Personally I handle “the math” of domains in all of my campaigns and simply presented my players with the inputs and outputs they control. (And I had similar complaints from my players about building their 3.5 characters, which also took a spreadsheet in their opinion, and adopted a similar solution.)

we stopped trying to make or play 3.x/PF characters without herolab. The options are just insurmountable otherwise.

Hmmm, presenting only the inputs they control, sounds like a job for an automated application…

I dunno, some of my happiest D&D memories are of poring over 3.5 splatbooks, looking up a dozen guides, cross-referencing them, looking up the feats and classes they suggested, comparing relevant details, making decision trees…

Yeah! 3.x chargen was one of the most fun parts of the game (though my tolerance for complexity has fallen since). I think the difference is that in 3.x chargen, you have a lot of options and it’s paperwork you do one or twice a campaign rather than every month of gameplay. The domain subsystem is the opposite; you have paperwork on a monthly basis, and while doing it you don’t have all that many options (raise or lower taxes, make investment, skimp on expenses at the risk of morale, train militia, build urban center if you don’t already have one… anything I missed?). 3.5 chargen is (possibly) spreadsheetworthy because it’s an enormous decision-space; domain upkeep is spreadsheetworthy (or scriptworthy) because it’s just some math.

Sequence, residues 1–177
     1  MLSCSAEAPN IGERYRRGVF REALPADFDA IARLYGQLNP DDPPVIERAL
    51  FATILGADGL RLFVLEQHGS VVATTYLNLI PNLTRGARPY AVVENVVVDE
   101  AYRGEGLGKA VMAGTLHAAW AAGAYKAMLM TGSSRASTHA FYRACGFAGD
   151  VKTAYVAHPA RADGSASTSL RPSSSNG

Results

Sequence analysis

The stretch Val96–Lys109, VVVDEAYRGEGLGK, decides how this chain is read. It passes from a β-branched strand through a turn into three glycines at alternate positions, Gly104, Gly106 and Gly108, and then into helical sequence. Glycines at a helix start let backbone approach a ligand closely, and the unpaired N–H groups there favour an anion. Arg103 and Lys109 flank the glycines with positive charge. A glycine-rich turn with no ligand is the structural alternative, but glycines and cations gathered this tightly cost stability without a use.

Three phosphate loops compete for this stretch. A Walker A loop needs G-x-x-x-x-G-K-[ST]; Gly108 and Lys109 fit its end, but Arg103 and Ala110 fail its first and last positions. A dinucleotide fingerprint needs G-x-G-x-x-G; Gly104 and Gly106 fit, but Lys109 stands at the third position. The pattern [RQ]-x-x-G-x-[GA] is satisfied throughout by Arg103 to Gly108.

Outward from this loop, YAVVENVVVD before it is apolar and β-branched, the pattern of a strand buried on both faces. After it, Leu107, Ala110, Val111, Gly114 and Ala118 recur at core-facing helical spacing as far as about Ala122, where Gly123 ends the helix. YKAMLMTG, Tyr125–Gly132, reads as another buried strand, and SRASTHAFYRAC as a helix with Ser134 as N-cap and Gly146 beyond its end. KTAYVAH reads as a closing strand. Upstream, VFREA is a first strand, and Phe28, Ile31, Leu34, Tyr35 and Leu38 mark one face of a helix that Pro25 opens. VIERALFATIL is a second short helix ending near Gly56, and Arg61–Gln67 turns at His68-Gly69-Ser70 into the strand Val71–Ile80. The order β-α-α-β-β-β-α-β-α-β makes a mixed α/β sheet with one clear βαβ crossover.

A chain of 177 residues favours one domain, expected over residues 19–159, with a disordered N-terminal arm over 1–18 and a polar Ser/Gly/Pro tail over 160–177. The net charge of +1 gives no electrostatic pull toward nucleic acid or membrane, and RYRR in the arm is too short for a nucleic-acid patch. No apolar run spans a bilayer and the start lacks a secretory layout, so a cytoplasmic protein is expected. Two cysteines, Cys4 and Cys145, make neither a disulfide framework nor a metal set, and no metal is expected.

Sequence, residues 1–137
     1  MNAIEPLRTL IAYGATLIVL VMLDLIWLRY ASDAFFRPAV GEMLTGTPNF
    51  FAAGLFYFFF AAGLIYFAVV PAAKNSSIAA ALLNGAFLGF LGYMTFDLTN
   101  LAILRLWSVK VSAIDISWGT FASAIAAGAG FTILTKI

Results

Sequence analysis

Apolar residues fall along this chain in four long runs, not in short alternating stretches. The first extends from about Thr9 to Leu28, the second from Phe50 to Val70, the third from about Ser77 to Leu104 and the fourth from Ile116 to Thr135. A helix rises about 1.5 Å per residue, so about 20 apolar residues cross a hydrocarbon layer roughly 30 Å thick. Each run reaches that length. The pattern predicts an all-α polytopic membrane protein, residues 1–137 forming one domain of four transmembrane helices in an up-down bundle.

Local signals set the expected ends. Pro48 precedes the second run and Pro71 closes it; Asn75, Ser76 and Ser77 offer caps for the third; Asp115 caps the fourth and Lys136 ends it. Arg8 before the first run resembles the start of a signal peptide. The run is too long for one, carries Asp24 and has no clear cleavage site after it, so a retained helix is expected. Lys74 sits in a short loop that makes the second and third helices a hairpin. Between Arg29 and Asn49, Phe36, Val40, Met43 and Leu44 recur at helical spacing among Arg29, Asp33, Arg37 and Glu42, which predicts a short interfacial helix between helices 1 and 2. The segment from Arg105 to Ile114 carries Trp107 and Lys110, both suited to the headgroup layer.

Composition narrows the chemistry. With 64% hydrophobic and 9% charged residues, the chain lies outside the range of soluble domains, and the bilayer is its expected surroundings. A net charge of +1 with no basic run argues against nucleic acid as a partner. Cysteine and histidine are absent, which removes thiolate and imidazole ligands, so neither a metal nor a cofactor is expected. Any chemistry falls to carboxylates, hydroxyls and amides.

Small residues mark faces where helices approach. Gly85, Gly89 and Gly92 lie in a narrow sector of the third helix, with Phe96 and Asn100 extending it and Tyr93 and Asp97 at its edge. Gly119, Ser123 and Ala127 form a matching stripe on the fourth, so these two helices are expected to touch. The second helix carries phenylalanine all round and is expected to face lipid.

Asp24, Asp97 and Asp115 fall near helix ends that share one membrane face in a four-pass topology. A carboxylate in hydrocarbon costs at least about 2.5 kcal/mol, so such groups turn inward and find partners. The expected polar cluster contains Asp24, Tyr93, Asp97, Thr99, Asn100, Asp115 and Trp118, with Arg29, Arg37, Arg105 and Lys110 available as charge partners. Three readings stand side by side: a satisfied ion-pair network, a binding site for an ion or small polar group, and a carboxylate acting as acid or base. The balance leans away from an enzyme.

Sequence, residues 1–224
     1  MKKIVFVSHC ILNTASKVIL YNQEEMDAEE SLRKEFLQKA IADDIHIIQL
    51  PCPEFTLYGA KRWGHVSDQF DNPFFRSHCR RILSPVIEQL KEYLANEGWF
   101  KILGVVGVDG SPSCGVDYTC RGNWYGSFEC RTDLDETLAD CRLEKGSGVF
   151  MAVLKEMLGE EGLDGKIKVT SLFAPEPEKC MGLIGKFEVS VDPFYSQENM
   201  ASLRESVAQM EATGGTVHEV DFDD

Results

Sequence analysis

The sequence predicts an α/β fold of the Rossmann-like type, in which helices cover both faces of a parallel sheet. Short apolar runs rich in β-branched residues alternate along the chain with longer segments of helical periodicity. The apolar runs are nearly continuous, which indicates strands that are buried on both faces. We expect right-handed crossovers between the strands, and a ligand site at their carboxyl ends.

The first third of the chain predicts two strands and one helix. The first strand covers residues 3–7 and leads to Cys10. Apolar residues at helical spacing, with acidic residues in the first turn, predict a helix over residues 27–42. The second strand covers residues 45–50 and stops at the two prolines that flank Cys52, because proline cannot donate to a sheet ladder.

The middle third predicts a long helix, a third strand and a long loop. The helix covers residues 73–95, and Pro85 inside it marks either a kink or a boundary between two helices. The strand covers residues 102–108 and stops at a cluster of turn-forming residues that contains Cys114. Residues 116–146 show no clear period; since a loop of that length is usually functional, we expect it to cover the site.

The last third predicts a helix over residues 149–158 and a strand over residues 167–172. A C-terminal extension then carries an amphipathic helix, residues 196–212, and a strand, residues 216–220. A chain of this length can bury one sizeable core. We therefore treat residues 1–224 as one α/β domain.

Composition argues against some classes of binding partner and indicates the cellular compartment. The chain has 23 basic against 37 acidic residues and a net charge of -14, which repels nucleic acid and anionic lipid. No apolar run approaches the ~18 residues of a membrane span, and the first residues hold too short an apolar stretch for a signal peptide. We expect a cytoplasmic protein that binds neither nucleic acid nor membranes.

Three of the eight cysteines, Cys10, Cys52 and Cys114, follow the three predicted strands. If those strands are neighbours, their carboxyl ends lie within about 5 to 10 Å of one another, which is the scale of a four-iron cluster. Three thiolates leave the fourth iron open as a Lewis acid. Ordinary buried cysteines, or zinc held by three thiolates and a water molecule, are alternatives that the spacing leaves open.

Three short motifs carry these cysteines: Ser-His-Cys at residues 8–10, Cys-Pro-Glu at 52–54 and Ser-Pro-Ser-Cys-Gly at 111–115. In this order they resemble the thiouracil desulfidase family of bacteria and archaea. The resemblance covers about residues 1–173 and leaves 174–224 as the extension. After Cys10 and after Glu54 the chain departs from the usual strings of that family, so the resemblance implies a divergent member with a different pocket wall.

I think there is a happy medium to be struck, with more decision-points and less granularity (in population for example - I don’t think I’m super-concerned about knowing the population in families so much as tens of families, or possibly even hundreds of families per 24-mile hex).

I’ve got the same memories for Rifts. I probably read the random setting books I’d borrowed 10x more than we actually played, at that, digging on various RCCs and the like.

Nowadays, I ask (,/dare) systems for more behind the screen complexity; I’m miffed I don’t have access to the ACKS playtest docs that had the knight/manor scale still in them, for example.

On the player side, though, I’ve been cutting; I’ve dropped to single-saving-throw Swords&Wizardry style, for one, and I’m still considering all-d6 damage, once I can find a way to differentiate weapons by quality that doesn’t require a table.

There are additional decision points around availability of garrison troops (not every domain is large enough to just automatically hire an X,000 gp garrison), balancing morale vs. militia, holding festivals (yes, I know the forum’s common wisdom is that more garrison is cheaper than festivals, but, again… what if there aren’t enough mercenaries available to hire to give you a big enough garrison to compensate for missing festivals? or if you need to rely on bread and circuses because you can’t even hire the baseline garrison?), etc.